Wednesday, May 14, 2014
I really like this picture my daughter-in-law, Shelly, took of me at the winery Saturday. We were sitting on the patio when the subject of the rocks around the fountain came up. I said I already had mine picked out but Bud wouldn't let me take it. Shelly said, "I bet I know which one it is because it's my favorite, too." So we walked around the barn to look at them. Sure enough, we both had chosen the same one. I said I saw it first even though Bud wouldn't let me take it. She told me to hold it up for a picture at least.
My family knows me and my love of rocks very well - as evidenced from some of the Facebook remarks when Bud posted a picture of me while on vacation. ("Please stay off the rocks.") I've written before about some of our rock hunting expeditions and how many rocks I left behind when we retired.
But here are a few more pictures of rocks that did make the move with us. This one I think of as Grandson Ki's rock. He and I found it while exploring the area around an old coal mine west of Carbon. We had given up finding anything and were climbing up the bank to head back to the car when I saw a small piece of stone sticking out. We dug it out to find this prime example of a chunk of petrified wood.
For some reason I always think of the geodes Mom had of her parents' as 'Grandma's Geodes'.
When they could just as rightly have been 'Grandpa's Geodes'. At any rate I have been thinking about having a family get-together this summer with the theme: "Cracking Grandma's Geodes". Part of me would really like to see what the crystals inside are like while the other part of me says, "Leave them whole, as they are, as Grandpa and Grandma Ridnour found them on their trips to Illinois."
But what if the cyrstals are that pretty topaz color like the ones in this small, partially opened geode? I have an affinity for the white and/or yellow quartz rocks like the one in the lower right corner. There's also another piece of petrified wood in this picture.
Which you can see better in this close-up on the right. I'm not sure what kind of rock the one on the left is, but I liked it enough to move it here.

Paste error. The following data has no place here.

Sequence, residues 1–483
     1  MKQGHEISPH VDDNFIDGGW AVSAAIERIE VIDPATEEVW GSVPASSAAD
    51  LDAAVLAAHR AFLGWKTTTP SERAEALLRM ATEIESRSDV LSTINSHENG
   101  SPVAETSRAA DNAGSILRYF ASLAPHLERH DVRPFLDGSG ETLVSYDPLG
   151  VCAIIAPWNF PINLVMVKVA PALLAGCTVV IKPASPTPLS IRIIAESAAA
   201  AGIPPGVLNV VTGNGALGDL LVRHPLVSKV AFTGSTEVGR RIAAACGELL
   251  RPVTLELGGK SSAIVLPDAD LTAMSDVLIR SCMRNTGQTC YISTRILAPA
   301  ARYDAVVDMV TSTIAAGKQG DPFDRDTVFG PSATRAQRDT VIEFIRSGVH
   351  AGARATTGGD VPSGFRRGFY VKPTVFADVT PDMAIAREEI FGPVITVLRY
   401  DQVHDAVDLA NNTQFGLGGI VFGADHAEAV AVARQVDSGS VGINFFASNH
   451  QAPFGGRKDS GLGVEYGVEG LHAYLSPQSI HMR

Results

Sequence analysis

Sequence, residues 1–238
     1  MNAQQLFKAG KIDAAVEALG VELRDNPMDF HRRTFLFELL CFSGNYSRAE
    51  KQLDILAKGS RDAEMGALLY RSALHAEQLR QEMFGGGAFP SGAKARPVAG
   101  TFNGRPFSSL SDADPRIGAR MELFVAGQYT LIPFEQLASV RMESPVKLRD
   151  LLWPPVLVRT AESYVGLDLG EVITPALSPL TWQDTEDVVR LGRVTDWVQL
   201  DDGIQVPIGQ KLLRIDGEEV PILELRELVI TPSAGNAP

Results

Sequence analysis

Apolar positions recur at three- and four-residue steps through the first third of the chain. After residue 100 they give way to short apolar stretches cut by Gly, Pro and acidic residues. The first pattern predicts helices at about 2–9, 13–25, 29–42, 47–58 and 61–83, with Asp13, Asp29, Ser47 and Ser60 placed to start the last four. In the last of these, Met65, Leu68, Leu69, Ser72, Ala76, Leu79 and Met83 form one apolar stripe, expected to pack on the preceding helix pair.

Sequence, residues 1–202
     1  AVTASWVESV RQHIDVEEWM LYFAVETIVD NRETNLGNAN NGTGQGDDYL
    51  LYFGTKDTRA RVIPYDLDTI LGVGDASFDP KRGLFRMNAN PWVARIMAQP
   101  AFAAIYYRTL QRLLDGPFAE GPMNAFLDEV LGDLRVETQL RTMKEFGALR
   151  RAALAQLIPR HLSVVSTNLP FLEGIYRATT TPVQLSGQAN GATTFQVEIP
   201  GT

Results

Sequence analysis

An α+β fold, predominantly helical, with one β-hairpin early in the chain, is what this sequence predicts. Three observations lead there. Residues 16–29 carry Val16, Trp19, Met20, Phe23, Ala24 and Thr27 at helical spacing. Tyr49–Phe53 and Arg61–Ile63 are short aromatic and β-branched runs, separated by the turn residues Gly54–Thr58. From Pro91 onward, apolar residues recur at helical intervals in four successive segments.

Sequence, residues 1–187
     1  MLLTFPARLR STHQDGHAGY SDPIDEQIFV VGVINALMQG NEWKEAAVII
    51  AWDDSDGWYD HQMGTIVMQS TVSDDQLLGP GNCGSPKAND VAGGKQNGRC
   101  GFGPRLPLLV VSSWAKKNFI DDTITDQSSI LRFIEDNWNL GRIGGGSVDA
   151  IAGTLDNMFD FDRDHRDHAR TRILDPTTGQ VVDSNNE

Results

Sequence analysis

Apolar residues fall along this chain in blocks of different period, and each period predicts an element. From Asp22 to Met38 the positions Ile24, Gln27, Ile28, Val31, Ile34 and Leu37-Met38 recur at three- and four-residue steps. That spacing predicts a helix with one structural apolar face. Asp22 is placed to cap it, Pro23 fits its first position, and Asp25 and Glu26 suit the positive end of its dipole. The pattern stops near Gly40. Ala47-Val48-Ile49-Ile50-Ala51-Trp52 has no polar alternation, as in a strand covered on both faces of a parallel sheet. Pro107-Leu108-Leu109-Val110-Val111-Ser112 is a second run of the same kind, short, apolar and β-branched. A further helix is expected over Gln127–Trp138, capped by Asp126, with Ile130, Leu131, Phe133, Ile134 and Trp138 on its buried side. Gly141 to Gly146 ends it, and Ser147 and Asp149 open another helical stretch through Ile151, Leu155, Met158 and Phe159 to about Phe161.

As I did this one. It isn't anything special - just a rather flat piece of limestone - but it has a hole in it and someone told me a rock with a hole in it brings luck.
I should have taken this picture from another angle so the striations on it would have shown up better. Why did I ever believe that I would remember where all my rocks came from? Was this one from Deadwood, SD? Branson, MO? Or SW Iowa?
Back in the 70's a new boyfriend was making a trip to Colorado. He asked me what I would like him to bring back for me. I'm sure he was thinking some sort of Colorado souvenir tee shirt or maybe some jewelry. I think it surprised him when I said I wanted a rock - any rock. Just something he found while hiking. He did bring me a small rock - not this big one.
The largest rock which made the move with us is this one. It is probably about two feet high. Part of it is sunk into the ground, of course. But right above the ground level is a little ledge. If the flowers didn't cover it up I'd most likely have something setting on it.
We've only been rock hunting a couple times since moving. I do not want to have a huge pile of rocks I have to leave behind again. We came home with a few which Bud commandeered to use under a downspout where the ground had started to wash out.
Some special Celtic rocks. The middle one is one purchased at a nursery or landscape business when we lived in West Des Moines. The small one with the celtic design and the word BE is the one I purchased at Portland Saturday Market when we were visiting Kari & Ken a few years ago. The man selling them said he had a place along the Columbia River where he went to find his stones to carve. I had no problem choosing which one I wanted - BE has been one of my favorite bywords since Jonathan Livingston Seagull.
The rock on the left is a piece of Connemara marble I stopped and picked out of a ditch bank in the west of Ireland in 1994. I was so afraid it might get confiscated at customs, but I got home with it.
Finally, in "Got Rocks?" a rock I don't have. When I was growing up there was a rock on the window ledge at Grandma & Grandpa's that truly fascinated me. It was almost perfectly round, the size of a baseball with stripes of black and red. Grandma told us her father had found it in a field when they lived west of Mt. Etna. Because that area had been home to Indians before being settled by white people, it was easy for me to believe the rock had been used by the Native Americans in some sort of game.
Not long before Grandma died, when she was giving away some of her things, I asked her if I could have that rock. She said I could. But when I went out to get it off the window ledge it was gone - no where to be found. I imagine one of the other grandkids got it before me. Or maybe one of them took it outside to play with and forgot to bring it back inside. Perhaps years from now someone will find it in the ground and wonder where it came from. If only rocks could talk. Will these special rocks speak to my children and/or grandchildren loudly enough that they will want them when I'm gone? I hope so. I hope they remember how much their Grandma R loved her rocks.